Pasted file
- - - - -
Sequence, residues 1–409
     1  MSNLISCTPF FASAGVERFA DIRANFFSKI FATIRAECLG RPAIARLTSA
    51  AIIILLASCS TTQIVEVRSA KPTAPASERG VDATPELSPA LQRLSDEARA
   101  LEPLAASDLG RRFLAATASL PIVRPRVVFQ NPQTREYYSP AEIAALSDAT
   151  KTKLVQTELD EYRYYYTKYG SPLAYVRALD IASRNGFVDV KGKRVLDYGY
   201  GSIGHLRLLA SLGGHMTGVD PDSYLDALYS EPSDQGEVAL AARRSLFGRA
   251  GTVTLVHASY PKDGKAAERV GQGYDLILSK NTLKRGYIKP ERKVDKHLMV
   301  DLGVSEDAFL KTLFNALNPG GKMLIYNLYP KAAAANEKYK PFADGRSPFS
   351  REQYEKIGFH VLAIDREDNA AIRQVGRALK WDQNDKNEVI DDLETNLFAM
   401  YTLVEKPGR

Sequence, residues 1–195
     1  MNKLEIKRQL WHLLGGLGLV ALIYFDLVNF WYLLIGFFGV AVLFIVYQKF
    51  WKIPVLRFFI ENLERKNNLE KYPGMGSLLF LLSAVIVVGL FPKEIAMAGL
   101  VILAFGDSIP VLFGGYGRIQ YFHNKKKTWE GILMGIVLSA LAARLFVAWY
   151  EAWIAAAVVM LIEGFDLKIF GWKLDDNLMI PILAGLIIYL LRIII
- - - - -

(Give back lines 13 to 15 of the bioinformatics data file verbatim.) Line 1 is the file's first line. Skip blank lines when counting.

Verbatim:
    51  WKIPVLRFFI ENLERKNNLE KYPGMGSLLF LLSAVIVVGL FPKEIAMAGL
   101  VILAFGDSIP VLFGGYGRIQ YFHNKKKTWE GILMGIVLSA LAARLFVAWY
   151  EAWIAAAVVM LIEGFDLKIF GWKLDDNLMI PILAGLIIYL LRIII